EFIMERIDA TON SYNTAKTON: “I will not pay, I will not pay!” TV channel owners wish to keep their licenses without paying any fee

AVGI: TV channel owners are addicted to ‘free meals’ and wish to avoid payments for the TV licenses

RIZOSPASTIS: Do not attempt to touch the workers’ right to strike and collective action!

KONTRA NEWS: Construction works in Elliniko must begin immediately

TO PONTIKI: Inside the beast’s nest. Meeting between Tsipras-Trump on 17 October

DIMOKRATIA: Budget will be derailed if more time is lost

NAFTEMPORIKI: The investment in Athens’ former airport at Elliniko lies on the razor’s edge

Who’s been a naughty Brexit negotiator? Michel Barnier is in Sweden today to meet the prime minister and other government officials. But while we’ve all been promised a transparent Brexit, it’s hard to keep track of the EU’s chief negotiator. His team has failed to publish details of key meetings and speeches; those they do publish are spread across two contradictory web pages (here and here.)

Barnier held a series of meetings and briefings for elite audiences across the Continent in September, which included a speech to the exclusive Cercle Gaulois in Brussels, first revealed by POLITICO. Under Commission rules, details of that appearance should have been published by the end of September. If you’ve had a meeting with Barnier that the Commission hasn’t published, Playbook would be happy to hear from you.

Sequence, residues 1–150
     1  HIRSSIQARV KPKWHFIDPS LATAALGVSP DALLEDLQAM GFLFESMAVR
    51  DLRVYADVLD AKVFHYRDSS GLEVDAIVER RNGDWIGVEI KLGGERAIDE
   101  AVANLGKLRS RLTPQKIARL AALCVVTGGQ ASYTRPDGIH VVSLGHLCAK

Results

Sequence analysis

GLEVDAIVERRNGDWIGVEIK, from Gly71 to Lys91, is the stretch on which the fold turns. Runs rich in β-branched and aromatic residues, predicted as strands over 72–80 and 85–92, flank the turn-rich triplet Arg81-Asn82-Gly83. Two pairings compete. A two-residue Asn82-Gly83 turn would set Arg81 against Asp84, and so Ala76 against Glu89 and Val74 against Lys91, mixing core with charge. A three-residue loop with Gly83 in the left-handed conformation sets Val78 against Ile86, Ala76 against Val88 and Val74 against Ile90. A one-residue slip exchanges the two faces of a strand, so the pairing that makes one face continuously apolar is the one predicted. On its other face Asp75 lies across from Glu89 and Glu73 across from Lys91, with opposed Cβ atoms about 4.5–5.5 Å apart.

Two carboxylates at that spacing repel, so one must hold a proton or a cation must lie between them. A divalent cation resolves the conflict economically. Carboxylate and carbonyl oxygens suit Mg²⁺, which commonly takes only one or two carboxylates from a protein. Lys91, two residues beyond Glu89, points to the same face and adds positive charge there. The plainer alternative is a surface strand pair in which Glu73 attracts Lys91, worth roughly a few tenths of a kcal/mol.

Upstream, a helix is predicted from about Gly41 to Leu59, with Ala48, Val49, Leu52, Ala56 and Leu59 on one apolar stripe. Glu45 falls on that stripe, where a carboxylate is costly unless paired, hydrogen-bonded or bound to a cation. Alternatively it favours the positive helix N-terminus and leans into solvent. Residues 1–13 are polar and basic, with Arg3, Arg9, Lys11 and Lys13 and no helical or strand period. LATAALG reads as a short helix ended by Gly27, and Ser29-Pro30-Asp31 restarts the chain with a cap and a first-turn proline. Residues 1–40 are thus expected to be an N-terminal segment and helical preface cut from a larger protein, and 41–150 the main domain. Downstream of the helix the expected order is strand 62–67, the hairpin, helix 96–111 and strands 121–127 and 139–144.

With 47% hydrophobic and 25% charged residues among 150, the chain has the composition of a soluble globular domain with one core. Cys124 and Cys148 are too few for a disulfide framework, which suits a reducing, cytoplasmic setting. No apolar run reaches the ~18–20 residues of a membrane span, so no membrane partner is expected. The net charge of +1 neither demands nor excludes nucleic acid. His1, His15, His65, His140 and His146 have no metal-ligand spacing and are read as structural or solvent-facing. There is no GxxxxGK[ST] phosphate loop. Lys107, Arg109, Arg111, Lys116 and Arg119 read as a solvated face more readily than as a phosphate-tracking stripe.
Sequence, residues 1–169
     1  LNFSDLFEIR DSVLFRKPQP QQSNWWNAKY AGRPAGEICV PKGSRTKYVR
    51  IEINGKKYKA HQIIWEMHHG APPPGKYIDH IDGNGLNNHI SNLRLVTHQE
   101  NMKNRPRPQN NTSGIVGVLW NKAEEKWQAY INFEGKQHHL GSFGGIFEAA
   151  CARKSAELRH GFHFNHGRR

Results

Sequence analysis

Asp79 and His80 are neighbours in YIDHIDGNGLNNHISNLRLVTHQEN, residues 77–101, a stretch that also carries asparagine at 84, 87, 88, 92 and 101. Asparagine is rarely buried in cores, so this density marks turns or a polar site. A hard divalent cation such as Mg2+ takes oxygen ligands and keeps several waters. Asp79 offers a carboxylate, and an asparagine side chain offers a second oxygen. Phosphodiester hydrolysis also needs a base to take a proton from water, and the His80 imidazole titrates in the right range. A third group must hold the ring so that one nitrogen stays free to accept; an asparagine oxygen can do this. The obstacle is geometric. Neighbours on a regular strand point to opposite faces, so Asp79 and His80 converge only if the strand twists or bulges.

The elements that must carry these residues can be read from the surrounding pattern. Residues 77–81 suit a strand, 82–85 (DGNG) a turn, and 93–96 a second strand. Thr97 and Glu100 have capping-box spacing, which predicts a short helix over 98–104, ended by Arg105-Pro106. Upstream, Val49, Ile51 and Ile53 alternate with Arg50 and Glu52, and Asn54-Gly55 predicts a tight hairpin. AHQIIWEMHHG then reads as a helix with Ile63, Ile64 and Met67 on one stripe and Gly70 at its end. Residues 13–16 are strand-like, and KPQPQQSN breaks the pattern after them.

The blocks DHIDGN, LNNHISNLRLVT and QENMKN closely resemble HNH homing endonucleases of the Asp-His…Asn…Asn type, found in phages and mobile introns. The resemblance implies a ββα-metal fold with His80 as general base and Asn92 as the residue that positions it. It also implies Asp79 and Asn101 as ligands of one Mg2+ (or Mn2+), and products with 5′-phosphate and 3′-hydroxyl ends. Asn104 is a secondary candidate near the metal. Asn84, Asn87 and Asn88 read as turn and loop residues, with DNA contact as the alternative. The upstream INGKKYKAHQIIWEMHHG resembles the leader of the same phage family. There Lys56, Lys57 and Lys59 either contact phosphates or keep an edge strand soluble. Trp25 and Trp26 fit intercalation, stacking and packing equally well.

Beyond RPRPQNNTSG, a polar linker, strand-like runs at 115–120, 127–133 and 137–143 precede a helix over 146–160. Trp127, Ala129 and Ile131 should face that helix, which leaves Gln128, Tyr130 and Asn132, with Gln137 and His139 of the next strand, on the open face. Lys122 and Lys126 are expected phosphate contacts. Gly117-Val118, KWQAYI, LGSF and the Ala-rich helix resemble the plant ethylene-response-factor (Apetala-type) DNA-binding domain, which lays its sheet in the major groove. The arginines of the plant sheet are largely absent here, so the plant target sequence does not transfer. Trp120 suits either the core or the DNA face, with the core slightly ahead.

Who would have thought it? Jean-Claude Juncker, the man who spent years obstructing EU efforts to tackle tax avoidance while premier of Luxembourg, leads the European Commission that has done the most to close tax loopholes. In addition to new action against Luxembourg and efforts to toughen VAT regulation, the Commission is taking Ireland to court for refusing to comply with its order to recover €13 billion in unpaid taxes from Apple. Emmanuel Macron showed he is a fan of competition chief Margrethe Vestager’s work with a tweet that did nothing to hurt her chances for the Commission presidency in 2019.

Vestager orders Luxembourg to recover €250 million in illegal tax advantage given to Amazon: The Commission’s competition chief said: “Amazon was allowed to pay four times less tax than other local companies subject to the same national tax rules. This is illegal under EU state aid rules. Member states cannot give selective tax benefits to multinational groups that are not available to others.”The Commission claimed the tax ruling enabled Amazon to shift the vast majority of its profits from an Amazon group company that is subject to tax in Luxembourg (Amazon EU) to a company that is not subject to tax (Amazon Europe Holding Technologies).